Whenever you see a list of the top single game individual performances in U.S. sports history, you often see some very familiar feats. Wilt Chamberlain’s 100 point game, Gale Sayers’ six touchdowns, Reggie Jackson’s three home runs in Game 6 of the 1977 World Series, to name a few.
One moment you never see among these feats, hidden by the obscured history of soccer in the United States is Mike Noha’s five-goal performance in the 1960 US Open Cup Final for the Ukrainian Nationals against the Los Angeles Kickers. The 21-year-old single handedly won the the Nats’ first of four US Open Cup championships. It is a record that still stands today.
Noha was born in 1939 in Buenos Aires, Argentina, the son of Ukrainian immigrants from Kamianka-Buzka, Ukraine. He started his soccer career with Chacarita Juniors, then in the Argentine Primera Division (now in Primera B Nacional). Aside from his stint with the Nationals, Noha worked as a dental technician and had hoped to eventually resume his medical training.
In 1961, Nationals general manager Alec Yarmenko told the Philadelphia Inquirer that he considered Noha the “(Mickey) Mantle of soccer” [NOTE: For those who are not baseball savvy, Mantle was the New York Yankees outfielder who is widely considered one of the game’s all-time greatest].
As far as the American Soccer League was concerned Noha came close to fulfilling Yarmenko’s comparison. Noha lead the league in goals in 1960 and won the ASL MVP award in 1961. Noha made just one appearance for the United States National Team as part of a 10-0 defeat to England in New York on May 27, 1964. His lack of national team appearances was more likely due more to the infrequent schedule the United States team kept at the time. From 1960-67, only thirteen games were played by the U.S. National Team.
On May 29, 1960, the 5,500 fans who were at Edison Stadium in Philadelphia certainly had no idea they were about to witness one of the greatest feats in US soccer history. They were also witnessing the beginning of the Nationals’ dynasty in American soccer, as well as the first team from Philadelphia to win the Open Cup since the Philadelphia German Americans in 1936.
The Kickers took a 1-0 lead after fifteen minutes on Al Zerhusen’s goal, but Noha responded five minutes later with his opening tally, dribbling past four defenders for an eight-yard shot to beat the goalkeeper. L.A. took the lead once again on Walter Staacke’s penalty kick, but Noha scored his second two minutes before the break when Kickers goalkeeper Vic Ottoboni fumbled his shot on target.
Fifteen minutes into the second half, the Nationals found themselves trailing again when Eberhardt Herz scored from a twenty-yard shot. The 3-2 score stood for another 18 minutes when the Nationals were awarded a penalty on a Hugh Evans handball. Noha stepped up and tied the game at three.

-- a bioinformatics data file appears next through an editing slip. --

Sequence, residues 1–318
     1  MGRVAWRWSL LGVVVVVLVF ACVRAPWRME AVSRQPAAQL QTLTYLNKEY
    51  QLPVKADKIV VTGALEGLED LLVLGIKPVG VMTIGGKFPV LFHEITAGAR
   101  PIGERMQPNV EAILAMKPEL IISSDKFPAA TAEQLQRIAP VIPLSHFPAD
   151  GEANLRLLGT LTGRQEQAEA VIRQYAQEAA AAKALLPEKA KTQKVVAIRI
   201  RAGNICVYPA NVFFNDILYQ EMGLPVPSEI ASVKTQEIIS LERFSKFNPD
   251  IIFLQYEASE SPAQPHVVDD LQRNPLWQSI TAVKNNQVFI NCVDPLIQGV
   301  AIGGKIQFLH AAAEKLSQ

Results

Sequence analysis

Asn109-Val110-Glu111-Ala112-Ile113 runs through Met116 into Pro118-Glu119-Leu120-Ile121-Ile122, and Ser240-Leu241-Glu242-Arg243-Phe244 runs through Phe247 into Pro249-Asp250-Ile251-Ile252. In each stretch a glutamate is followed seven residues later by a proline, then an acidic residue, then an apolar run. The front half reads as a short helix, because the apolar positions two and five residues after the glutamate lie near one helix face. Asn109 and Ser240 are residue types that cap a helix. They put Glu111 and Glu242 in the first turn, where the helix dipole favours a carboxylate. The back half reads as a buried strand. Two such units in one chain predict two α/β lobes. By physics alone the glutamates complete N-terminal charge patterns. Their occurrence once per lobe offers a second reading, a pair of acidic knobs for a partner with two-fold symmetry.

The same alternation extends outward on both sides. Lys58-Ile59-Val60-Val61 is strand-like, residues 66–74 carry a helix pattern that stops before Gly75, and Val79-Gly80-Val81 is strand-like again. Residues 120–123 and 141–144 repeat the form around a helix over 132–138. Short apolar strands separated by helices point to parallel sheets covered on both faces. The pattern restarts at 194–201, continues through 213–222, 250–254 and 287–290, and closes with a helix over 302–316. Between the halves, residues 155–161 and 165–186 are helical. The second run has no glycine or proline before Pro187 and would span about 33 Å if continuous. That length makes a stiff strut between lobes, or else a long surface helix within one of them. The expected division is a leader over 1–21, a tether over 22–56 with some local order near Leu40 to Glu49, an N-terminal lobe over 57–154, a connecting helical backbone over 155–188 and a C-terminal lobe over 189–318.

In the final minute, Noha’s extra-time heroics were almost made unnecessary, when Mike Campo scored what looked to be the winning goal for the Philadelphians, only to be called back for being offside.
The initial 30 minutes of extra time passed with no scoring, so an additional 30 minutes were called upon (penalty shootouts were not used in the Open Cup until 1972).
With 20 minutes remaining, Noha struck for his fourth, an 18-yard blast off a pass from Alex Falk, giving the Nationals their first lead of the game. Six minutes later, Noha sealed things with his fifth, once again with the help of Falk.
What made Noha’s feat even more impressive is that the Nationals needed every one of his five goals in the 5-3 double extra time win, with the Ukrainians not taking the lead until the 130th minute of play.
The Ukrainian Weekly newspaper reported that Noha was carried off the field by jubilant supporters, and celebrations at the Ukrainian club in Philadelphia lasted well into the night. Highlights of the game were set to be shown on June 4 on a local Philadelphia television station on the Rambler Sports Digest.
The five goals in the Final brought Noha’s 1960 Cup total to 13 goals in seven games, including four goals in a 9-0 thrashing of Newark Portuguese. The win also extended the Uke Nats’ 22-game unbeaten streak in ASL and Open Cup play in the 1959-60 season. The 1960 Open Cup championship was the first of the four the Ukrainians would win in the next seven years. The Nationals were also ASL champions four years in a row from 1960-64.
Noha’s performance in the Ukrainians’ 1961 Open Cup run was almost as good, scoring 12 goals in six games, including another five-goal performance in the 6-0 quarterfinal win over Detroit’s St. Andrews. However, the 1961 Final didn’t end well for Noha as he was sent off in the second half of a 2-2 tie in Los Angeles and caused a commotion by initially refusing to leave the field. In the 1963 tournament, he scored four goals in a 13-0 demolition of Baltimore’s Italian Sports Association, a game in which Hall of Famer Walt Chyzowych also scored four times.
To sum up the rather obscure level of Noha’s achievement, in the same newspaper article in which he was compared to Mickey Mantle, he was asked if he had ever heard of the Yankees legend.
“No, has Mickey Mantle ever heard of me?”
If you didn’t know who Mike Noha was before, now you do.